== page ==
TCA 2014: Producers clear up several misconceptions about the upcoming ABC drama
The whispers around the ballroom in the minutes before ABC's “Resurrection” panel started at Friday's Television Critics Association press tour was that the drama is a rip off of French series, “The Returned.”
So, no one was surprised that the first question to the panel was just how similar “Resurrection” is to “The Returned,” which recently wrapped its run here in the United States on the Sundance Channel.
“We've never seen it. We deliberately avoided ‘The Returned,'” executive producer Michele Fazekas answered.
Actually, the drama is based on the book, “The Returned” by Jason Mott. A pretty complete story, the producers said that the series doesn't actually follow the novel either.
“That book was obviously the impetus for the series, but it was just a starting off point,” said exec producer Aaron Zelman.
With just an eight episode order, “Resurrection” is also not intended as a limited series, which is all the rage this year as networks aim for year-round programming. The producers said that there are contained stories within each episode, but its definitely not a one-and-done series.
“We have ideas for Season 2, Season 3,” Fazekas said. “After doing eight episodes, I'm not worried about coming up with stories now.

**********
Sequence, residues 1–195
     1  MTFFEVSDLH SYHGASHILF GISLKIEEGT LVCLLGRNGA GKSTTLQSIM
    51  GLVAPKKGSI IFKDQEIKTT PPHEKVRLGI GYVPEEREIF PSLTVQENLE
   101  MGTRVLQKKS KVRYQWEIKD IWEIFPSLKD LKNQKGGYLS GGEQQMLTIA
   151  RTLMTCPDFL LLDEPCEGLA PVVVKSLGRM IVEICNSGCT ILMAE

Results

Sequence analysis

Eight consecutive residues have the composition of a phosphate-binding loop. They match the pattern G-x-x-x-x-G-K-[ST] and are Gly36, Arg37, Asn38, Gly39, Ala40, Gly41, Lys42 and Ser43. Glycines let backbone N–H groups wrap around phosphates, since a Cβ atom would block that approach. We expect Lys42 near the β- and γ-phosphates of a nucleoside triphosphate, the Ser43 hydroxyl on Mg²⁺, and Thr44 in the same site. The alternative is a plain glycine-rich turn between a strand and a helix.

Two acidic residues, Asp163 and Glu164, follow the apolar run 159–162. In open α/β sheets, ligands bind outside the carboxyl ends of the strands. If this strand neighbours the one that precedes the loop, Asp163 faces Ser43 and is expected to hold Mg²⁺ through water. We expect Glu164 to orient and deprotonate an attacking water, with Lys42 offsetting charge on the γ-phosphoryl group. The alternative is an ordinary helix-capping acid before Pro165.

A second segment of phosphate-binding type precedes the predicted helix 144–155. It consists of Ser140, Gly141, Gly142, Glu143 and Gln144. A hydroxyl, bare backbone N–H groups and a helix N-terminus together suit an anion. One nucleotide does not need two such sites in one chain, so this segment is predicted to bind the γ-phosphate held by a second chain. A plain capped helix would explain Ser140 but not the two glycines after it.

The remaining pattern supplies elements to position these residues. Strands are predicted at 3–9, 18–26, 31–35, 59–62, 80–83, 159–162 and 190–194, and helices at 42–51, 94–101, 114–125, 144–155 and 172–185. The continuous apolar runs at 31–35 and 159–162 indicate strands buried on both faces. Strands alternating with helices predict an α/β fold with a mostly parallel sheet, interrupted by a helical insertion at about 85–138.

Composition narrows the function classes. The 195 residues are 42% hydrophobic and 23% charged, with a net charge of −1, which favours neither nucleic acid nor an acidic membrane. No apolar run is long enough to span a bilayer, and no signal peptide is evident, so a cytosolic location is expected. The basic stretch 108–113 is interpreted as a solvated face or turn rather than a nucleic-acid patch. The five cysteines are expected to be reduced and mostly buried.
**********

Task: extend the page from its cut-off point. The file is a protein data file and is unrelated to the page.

Set in Arcadia, Mo., “Resurrection” starts an 8-year-old American boy (Landon Gimenez) who wakes up alone in a rice paddy in a rural Chinese province with no idea how he got there. Details start to emerge when the boy, who calls himself Jacob, recalls that his hometown is Arcadia, and an Immigration agent, J. Martin Bellamy (Omar Epps), takes him there. The home he claims as his own is occupied by a 60-year-old couple, Henry (Kurtwood Smith) and Lucille Langston (Frances Fisher), who lost their son, Jacob, more than 30 years before.
Among the other things that “Resurrection's” producers say that the series isn't is a genre show, namely science fiction. Zelman said that halfway through reading the novel, he realized that it was a much more grounded story.
“This is a study in grief and loss,” the producer said. “And a deeper piece about life and why we're here. I wanted to write that.”
“Resurrection” premieres Sunday, March 9 at 9/8c on ABC.